ODD Explained

March 4 2021

A new condition has been gaining more attention in our conversations about school and the behavior of students. Oppositional Defiance is becoming a way to describe students who are in the classroom and have obstinate behaviors toward people of authority or others in general. While this type of behavior can be one of the symptoms listed by professionals, like Johns Hopkins Medicine, as part of the diagnosis, Oppositional Defiant Disorder (ODD) is a lot more complicated than “being opposed to authority.” 

In fact, this disorder is one that needs careful consideration from a Mental Health professional for the disorder to be diagnosed. As professionals in schools, we must remember to be careful about assigning both labels and assumptions about our students when it comes to this disorder. Just because the student is being resistant to correction or often has disagreements with others DOESN’T mean they have ODD. Take into consideration the stressors that may be going on in the student’s life and even trauma that has not been discussed before.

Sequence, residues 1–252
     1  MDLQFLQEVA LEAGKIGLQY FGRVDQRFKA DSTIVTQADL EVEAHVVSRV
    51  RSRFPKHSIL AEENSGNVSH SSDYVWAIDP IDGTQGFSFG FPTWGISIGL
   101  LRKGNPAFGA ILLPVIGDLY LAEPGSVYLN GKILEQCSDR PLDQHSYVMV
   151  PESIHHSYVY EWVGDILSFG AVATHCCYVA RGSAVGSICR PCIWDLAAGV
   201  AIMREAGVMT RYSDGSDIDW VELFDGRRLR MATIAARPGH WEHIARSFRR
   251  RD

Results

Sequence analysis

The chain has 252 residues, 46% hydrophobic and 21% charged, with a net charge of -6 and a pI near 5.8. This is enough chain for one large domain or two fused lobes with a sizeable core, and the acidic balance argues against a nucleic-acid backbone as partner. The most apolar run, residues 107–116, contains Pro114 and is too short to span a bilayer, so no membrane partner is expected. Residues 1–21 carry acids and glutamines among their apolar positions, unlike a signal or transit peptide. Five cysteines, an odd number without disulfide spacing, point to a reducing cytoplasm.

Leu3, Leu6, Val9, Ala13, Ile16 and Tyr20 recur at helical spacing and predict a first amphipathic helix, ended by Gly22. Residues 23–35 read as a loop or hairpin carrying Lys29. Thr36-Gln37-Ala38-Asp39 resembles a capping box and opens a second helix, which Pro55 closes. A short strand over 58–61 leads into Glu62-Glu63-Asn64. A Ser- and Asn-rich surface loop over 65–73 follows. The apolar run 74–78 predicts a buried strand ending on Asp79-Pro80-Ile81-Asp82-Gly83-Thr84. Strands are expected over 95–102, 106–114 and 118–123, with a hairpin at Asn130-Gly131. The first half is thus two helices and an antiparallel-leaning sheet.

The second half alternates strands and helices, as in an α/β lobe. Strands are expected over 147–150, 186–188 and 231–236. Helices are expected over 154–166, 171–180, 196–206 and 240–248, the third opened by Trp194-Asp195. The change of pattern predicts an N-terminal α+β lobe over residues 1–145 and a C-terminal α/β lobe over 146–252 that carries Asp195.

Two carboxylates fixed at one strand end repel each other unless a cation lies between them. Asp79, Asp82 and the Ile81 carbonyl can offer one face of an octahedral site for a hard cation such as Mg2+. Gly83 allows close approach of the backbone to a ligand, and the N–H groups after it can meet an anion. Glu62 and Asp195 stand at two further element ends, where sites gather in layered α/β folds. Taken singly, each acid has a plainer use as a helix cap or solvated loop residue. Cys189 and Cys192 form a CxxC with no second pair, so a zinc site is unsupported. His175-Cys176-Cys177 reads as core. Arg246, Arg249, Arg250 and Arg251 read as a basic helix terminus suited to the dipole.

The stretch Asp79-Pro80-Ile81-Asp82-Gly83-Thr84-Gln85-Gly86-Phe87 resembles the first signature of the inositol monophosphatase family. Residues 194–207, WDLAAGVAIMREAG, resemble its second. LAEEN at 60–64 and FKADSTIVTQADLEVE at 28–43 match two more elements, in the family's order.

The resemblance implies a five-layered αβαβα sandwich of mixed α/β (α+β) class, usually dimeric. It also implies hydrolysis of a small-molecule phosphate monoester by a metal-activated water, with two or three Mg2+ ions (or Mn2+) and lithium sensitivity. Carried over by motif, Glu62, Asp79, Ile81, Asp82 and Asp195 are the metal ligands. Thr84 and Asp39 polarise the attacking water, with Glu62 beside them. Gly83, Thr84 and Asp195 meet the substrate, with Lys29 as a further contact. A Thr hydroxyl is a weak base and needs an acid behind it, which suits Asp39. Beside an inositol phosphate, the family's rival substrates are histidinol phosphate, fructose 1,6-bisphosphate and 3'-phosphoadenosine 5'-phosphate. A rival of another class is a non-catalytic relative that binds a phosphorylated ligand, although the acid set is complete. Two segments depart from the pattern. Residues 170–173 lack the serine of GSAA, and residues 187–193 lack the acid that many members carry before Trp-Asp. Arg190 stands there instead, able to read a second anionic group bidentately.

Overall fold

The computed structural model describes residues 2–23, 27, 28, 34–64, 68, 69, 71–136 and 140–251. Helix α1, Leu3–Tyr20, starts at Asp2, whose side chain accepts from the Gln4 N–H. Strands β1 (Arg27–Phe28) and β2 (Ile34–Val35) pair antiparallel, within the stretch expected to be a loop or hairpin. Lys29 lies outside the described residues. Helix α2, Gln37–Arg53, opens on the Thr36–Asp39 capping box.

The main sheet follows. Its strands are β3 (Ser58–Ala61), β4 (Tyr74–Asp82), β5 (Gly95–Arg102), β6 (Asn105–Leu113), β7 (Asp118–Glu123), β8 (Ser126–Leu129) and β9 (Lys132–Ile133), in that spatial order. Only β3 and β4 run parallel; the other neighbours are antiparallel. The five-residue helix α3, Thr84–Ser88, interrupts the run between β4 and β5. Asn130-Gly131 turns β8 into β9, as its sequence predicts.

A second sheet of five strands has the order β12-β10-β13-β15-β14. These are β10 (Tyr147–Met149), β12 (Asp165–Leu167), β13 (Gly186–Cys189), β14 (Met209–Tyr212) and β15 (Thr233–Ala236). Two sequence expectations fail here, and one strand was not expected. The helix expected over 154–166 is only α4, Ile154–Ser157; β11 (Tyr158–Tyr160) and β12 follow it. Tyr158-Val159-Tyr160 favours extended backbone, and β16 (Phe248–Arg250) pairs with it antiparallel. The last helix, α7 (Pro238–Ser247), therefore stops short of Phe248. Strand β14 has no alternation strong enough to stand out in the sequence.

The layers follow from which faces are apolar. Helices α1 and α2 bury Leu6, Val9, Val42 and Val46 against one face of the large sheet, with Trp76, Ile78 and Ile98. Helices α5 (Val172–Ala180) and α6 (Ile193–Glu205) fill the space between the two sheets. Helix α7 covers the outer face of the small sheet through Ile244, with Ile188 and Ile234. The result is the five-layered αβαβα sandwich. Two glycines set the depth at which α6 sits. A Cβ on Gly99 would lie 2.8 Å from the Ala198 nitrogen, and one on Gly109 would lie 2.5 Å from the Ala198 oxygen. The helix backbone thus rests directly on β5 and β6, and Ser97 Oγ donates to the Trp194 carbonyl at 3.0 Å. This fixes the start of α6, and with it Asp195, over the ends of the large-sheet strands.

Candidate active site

If you do have a student exhibiting oppositional behaviors or has the ODD diagnosis, there are some steps that you can take to provide a supportive environment for both you, the student, and others around.  Weareteachers.com offers a great list of ways to support these students and more information about these tips. These include:

 Giving the student space

  • Work toward De-escalation
  • Be Consistent.

Great news is that these are techniques you can use with any student, whether they have the ODD diagnosis or are just disagreeable in the classroom.

While behavioral modification is no substitute for medical intervention, incorporating these suggestions in the classroom and even home environment can lead to better behavioral outcomes for children and adolescents.


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